Brutal numbers show how tough it will be for Republicans to keep control of the House this November

President Donald Trump and House Speaker Paul Ryan.

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President Donald Trump and House Speaker Paul Ryan.
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Joshua Roberts/Reuters

  • This week’s too-close-to-call special election in a ruby-red Ohio congressional district has called new attention to a 2018 electoral map that highly favors Democrats in the US House.
  • Democrats need to flip 24 Republican-held seats to take control of the House.
  • There are 68 GOP-held House seats that are less conservative than Ohio’s 12th District, where Tuesday’s special election remains too close to call.

This week’s too-close-to-call special election in a Republican-leaning Ohio congressional district has called new attention to a 2018 electoral map that highly favors Democrats – especially in the US House.

It looks unlikely that the Democrat Danny O’Connor will successfully flip Ohio’s 12th District (provisional ballots are still being counted). But the fact that a district President Donald Trump won by 11 percentage points in 2016 could so quickly turn against the GOP has many predicting a “blue wave” in this year’s midterms.

And the numbers point in Democrats’ favor:

  • Democrats need to flip 24 Republican-held House seats this year to take control of the 435-seat chamber.
  • In 2016, Hillary Clinton won 25 districts that are represented by Republicans.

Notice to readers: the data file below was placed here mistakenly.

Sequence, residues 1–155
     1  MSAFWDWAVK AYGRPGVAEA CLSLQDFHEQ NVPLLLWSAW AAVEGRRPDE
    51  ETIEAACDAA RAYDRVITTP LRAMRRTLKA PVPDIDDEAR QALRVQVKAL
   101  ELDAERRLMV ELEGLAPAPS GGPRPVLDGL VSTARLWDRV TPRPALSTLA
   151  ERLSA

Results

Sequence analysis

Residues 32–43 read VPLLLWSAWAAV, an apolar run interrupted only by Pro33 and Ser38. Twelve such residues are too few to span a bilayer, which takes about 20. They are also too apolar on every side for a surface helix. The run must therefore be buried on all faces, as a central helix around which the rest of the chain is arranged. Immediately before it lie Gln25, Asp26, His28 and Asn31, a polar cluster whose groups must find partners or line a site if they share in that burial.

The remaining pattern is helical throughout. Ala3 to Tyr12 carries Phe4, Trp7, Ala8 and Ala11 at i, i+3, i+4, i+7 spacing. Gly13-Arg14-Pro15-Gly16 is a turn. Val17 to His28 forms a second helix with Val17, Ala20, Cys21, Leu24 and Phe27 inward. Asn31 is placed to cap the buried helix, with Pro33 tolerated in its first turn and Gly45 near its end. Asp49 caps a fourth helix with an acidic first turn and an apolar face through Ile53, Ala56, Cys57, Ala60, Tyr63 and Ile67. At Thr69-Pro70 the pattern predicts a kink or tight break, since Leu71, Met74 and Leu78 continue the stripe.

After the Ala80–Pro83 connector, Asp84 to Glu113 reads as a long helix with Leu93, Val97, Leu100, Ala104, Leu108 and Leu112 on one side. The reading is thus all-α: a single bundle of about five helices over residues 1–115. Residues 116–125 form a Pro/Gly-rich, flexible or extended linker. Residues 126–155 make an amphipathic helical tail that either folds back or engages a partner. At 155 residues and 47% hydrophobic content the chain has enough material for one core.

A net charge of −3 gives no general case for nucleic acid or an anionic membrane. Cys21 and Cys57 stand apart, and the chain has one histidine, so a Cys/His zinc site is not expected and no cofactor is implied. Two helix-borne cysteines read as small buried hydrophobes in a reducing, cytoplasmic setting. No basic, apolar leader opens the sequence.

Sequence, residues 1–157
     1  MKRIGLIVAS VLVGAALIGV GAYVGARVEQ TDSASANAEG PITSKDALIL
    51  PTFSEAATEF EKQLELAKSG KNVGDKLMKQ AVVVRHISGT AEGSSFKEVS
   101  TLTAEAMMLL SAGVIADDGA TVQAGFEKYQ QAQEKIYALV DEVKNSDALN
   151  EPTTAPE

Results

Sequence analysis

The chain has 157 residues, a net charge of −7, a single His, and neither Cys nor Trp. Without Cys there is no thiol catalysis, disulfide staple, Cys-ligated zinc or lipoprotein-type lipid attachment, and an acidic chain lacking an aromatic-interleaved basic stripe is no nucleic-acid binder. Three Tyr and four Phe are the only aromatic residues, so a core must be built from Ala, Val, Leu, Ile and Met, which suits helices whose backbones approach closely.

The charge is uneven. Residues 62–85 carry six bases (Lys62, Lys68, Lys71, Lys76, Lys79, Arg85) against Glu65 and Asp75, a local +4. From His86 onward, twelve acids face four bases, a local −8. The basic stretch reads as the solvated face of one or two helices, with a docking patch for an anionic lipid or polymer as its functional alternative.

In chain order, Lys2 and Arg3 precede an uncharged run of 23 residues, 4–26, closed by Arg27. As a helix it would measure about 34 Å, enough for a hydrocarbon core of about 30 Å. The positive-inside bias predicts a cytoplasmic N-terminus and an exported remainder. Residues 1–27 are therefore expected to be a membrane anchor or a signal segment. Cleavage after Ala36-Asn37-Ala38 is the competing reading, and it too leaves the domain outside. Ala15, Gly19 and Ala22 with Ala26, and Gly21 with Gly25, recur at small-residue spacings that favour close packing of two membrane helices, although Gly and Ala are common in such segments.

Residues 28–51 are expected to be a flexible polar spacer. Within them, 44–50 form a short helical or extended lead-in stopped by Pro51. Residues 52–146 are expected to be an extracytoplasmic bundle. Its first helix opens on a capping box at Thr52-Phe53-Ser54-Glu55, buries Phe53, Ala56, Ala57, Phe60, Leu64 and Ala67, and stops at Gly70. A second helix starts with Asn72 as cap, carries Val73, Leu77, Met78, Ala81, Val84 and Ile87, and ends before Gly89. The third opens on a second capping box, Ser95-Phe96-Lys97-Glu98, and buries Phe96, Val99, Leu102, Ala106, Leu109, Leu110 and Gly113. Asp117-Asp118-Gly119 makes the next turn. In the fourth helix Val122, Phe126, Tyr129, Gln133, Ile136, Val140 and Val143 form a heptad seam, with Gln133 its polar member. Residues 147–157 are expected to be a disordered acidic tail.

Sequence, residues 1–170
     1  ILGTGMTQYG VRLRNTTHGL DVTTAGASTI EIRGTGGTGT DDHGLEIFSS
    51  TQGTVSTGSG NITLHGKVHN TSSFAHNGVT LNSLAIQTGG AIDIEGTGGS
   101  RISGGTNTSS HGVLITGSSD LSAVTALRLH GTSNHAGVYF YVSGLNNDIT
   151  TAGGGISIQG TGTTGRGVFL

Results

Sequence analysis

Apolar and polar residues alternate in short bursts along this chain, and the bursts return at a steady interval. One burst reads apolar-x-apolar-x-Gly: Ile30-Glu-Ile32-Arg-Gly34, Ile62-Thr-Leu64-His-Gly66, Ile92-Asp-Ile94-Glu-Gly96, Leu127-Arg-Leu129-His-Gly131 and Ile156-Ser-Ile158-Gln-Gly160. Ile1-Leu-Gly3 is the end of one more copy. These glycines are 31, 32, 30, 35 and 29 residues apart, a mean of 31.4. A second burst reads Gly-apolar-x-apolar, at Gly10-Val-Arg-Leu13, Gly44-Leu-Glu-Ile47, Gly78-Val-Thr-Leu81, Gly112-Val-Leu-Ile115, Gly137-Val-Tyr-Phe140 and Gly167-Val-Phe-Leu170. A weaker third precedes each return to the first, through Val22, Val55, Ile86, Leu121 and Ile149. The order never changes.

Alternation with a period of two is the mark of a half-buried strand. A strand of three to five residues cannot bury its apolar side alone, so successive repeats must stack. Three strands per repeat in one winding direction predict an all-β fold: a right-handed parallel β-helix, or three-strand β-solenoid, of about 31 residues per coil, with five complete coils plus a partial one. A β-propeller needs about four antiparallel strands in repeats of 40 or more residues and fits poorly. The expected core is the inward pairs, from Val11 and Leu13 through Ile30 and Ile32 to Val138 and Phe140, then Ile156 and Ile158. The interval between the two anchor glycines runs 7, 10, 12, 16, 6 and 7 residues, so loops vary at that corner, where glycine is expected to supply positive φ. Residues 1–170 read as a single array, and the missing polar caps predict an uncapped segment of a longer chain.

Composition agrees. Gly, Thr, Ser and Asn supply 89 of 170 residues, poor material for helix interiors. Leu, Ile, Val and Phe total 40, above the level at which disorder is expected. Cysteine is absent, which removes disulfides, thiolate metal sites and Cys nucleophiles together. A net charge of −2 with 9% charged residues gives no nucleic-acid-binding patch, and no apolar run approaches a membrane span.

• On top of that, there are 68 Republican-held House seats that are rated as less conservative than Ohio’s 12th District and 119 GOP seats considered less Republican than the seat the Democrat Conor Lamb flipped in western Pennsylvania in March, according to an analysis from the nonpartisan Cook Political Report.
  • Of the 62 races that Cook rated as only leaning toward Republicans or Democrats or as “tossups,” 58 are held by Republicans.

Boosting Democrats’ confidence are the president’s relatively low approval ratings and the stronger support for Democrats than Republicans in generic ballot polls.

But the GOP strategist Matt Mackowiak cautioned that the midterm turnout could be very different from that of a presidential election – specifically, midterm electorates are typically less racially diverse.

“There’s all this chatter about these so-called Hillary districts,” he said. “Does that mean the Democrat could win? Yes. Does it mean the Democrat is guaranteed to win? No.”

“Traditionally,” he added, “you’ve seen lower minority participation in midterm years.”

But Mackowiak conceded that the map and political trends were alarming for Republicans.

“It’s clear there’s tremendous risk if you are in an R+10 district or worse,” he said, adding that the “risks to the Trump administration if the Democrats take the House back are profound.”

If Democrats win control of the legislative chamber, Republicans fear they’ll use their subpoena power to aggressively investigate the president and his administration, kill the GOP’s legislative agenda, and attempt to impeach him.

But the Senate is a different story. Of the 35 senators up for reelection this year, 26 are Democrats and just nine are Republicans. And 10 of these Democrats represent states Trump carried in 2016. On top of that, only two of the GOP-held seats on the ballot are in traditional swing states (Nevada and Arizona).

To flip the Senate, Democrats would need to win 28 of these races – a much more significant challenge than they have in the House.